General Patient Information

November News Items: 1) Watchful-Waiting; 2) New drug TAK-700; 3) Use of Cryotherapy After Failure of Radiation or Brachytherapy.

1) The November 16th, 2011 issue of the Newsletter from Zero-The Project to End Prostate Cancer, published an interesting article from the New York Times entitled “A  Watch-and-Wait Prostate Cancer Treatment.”  The article focused on the PSA screening and subsequent actions that a man over the age of 70 can take to keep his prostate more »

URGENT ACTION NEEDED! Government Proposes Elimination of Prostate Cancer Testing. Does PSA Screening for Prostate Cancer Save Lives?

The United States Preventive Services Task Force (USPSTF), an independent panel appointed by the Federal cabinet-level Department of Health and Human Services (DHHS), is preparing a recommendation which would eliminate prostate cancer testing (PSA) for all men. The rationale cited by the government panel is that there is moderate or high certainty that PSA testing more »

NewsPulse, a Medical Resource from the Prostate Cancer Foundation. Biomarkers in Urine for the Detection of Prostate Cancer.

Sources of current medical information concerning prostate cancer are listed on this website under the section Medical Resources.  Recently, a new August 2011 electronic newsletter entitled NewsPulse was received from the Prostate Cancer Foundation. The issue contained very current information on specific diagnostic methods, biomarkers for cancer detection, targeted therapies and drugs under development, nutrition and more »

Information from Johns Hopkins: a) Use of Immunotherapies (Provenge, Prostvac) Against Prostate Cancer; and, b) Gleason Scores.

Provenge (sipuleucel-T) was the first approved prostate cancer therapy which uses a person’s immune system to fight the disease.  Its approval was limited to men with advanced prostate cancer who have not responded to other treatments like hormonal (androgen deprivation) therapy and are experiencing few or no symptoms. Cost and supply remain significant issues hindering more »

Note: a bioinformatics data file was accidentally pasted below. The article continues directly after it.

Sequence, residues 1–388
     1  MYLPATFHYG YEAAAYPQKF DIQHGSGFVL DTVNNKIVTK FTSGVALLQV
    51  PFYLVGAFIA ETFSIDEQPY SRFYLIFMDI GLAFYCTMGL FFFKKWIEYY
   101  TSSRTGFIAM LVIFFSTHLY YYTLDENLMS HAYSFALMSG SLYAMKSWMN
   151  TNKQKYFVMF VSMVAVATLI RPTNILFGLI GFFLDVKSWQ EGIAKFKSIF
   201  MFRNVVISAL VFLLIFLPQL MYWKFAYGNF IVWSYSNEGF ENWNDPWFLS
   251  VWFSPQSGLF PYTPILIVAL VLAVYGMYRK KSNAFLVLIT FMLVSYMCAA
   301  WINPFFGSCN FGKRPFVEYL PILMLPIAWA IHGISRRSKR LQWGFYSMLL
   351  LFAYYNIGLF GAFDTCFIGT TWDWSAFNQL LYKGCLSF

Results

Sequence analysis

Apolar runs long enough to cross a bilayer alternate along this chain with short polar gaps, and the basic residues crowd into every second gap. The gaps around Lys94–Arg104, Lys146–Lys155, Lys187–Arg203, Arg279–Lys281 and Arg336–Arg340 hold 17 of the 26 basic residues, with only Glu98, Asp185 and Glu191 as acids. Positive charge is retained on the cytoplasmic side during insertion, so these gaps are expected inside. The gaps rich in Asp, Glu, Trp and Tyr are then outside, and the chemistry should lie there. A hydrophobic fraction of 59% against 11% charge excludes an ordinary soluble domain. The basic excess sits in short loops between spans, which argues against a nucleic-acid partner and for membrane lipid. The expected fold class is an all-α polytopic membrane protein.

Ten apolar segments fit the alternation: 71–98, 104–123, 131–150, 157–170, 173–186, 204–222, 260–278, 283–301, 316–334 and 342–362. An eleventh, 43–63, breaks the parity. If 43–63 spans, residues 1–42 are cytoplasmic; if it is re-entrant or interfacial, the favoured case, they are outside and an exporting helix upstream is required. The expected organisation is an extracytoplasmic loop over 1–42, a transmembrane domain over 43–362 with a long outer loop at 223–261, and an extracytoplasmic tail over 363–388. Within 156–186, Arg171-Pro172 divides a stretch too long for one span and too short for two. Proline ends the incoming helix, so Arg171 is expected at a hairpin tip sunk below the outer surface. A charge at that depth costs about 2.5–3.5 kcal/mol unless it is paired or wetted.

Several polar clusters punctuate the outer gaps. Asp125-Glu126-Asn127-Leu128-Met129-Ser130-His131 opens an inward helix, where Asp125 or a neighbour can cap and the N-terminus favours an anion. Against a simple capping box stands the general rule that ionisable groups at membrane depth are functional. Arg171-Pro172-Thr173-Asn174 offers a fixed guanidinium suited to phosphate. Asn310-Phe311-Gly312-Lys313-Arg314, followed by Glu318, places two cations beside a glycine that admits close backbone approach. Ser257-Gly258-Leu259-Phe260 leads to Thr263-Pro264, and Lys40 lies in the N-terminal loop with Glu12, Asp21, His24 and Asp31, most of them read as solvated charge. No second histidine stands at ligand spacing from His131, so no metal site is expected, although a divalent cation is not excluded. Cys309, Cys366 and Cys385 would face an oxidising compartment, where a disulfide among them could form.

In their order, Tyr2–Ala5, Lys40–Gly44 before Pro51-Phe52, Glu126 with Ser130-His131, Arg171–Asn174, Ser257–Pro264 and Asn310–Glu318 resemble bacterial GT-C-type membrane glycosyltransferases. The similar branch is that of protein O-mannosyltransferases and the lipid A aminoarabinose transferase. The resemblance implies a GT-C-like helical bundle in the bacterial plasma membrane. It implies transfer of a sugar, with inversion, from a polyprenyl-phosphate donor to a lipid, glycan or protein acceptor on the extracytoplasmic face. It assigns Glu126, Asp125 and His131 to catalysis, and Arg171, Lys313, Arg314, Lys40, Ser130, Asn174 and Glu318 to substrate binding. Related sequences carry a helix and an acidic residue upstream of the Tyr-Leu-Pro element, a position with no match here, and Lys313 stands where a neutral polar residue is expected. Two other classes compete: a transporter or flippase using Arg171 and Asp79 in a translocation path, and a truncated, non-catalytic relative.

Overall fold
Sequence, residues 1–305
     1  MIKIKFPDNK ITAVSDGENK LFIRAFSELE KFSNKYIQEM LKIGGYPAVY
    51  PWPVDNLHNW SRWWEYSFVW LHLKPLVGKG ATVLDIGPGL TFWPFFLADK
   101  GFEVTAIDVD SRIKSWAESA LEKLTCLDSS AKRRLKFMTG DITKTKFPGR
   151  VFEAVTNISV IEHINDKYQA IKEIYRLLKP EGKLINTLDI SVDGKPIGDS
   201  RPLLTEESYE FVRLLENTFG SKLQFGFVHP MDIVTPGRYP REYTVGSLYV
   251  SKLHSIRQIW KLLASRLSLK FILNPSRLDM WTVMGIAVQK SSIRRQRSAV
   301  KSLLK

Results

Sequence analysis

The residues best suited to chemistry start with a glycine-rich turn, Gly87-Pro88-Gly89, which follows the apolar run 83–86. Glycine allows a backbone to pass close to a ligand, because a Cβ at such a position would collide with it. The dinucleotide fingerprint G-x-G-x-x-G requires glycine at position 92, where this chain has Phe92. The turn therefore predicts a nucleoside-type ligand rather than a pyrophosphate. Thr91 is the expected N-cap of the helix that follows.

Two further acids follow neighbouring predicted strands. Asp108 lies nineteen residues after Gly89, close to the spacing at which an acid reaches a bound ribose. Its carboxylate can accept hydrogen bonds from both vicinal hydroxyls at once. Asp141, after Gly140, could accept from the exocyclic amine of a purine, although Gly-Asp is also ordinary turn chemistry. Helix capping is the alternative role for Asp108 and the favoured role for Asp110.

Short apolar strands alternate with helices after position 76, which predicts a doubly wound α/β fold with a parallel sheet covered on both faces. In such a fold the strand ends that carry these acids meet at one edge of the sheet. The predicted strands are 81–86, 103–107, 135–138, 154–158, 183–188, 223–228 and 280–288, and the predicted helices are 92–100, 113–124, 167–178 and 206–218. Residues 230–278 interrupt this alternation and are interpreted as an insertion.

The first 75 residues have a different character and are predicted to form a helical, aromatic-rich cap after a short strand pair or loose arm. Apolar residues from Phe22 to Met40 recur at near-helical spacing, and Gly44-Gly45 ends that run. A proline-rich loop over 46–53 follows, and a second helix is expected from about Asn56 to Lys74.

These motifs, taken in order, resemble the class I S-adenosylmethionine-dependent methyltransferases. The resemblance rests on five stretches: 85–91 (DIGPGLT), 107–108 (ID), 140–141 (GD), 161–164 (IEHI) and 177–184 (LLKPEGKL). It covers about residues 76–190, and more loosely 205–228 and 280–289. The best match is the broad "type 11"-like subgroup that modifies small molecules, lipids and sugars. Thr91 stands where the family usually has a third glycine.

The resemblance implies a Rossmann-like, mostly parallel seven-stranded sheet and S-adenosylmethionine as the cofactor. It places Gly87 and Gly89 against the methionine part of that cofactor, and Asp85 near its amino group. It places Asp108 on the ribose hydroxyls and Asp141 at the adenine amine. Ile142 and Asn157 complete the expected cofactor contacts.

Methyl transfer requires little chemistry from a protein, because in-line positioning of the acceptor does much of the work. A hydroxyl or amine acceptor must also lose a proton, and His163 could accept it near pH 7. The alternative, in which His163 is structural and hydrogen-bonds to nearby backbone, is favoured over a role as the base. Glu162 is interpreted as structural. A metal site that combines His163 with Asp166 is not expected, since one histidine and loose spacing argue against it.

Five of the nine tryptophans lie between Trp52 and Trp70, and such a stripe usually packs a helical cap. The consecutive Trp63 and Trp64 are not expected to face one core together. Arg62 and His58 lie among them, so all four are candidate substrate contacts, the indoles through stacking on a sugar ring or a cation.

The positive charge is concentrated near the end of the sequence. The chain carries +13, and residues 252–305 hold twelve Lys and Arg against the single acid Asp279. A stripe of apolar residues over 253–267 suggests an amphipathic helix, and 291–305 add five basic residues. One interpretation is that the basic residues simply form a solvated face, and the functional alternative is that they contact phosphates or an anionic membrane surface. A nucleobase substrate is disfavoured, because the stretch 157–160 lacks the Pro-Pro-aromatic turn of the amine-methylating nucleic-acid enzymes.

Countering Weight Gain as a Result of Hormonal Therapy.

Benefits and risks accompany virtually every method of treatment. Hormonal therapy for prostate cancer is no exception. Potential risks include osteoporosis and bone fractures, cardiac effects, diabetes, depression, hot flashes and metabolic changes resulting in weight gain. (These issues are discussed on this website under “My Story”, 2009 entries of July 5th-27th, September 29th, October more »

Avodart (dutasteride) used to treat benign prostatic hyperplasia (BPH) may slow the growth of early-stage prostate cancer

A recent study presented on Feb. 17-19th  at the 2011 Genitourinary Cancers Symposium in Orlando, FL by researchers from the University Health Network in Toronto, Canada concluded that for men who are undergoing “watchful-waiting” for prostate cancer, Avodart could help control the disease and prevent the need for more aggressive treatments. “Watchful waiting,” or active-surveillance more »

Colon cancer-a side effect of hormonal therapy.

A recent study published in the November 10th issue of the Journal of the National Cancer Institute reported that prostate cancer hormone treatments may raise the risk of colorectal cancer.  Lowering the male sex hormones by treatment with gonadotropin-releasing hormone (GnRH) agonists (hormonal therapy) or surgical removal of the testicles to lower testosterone and PSA levels led more »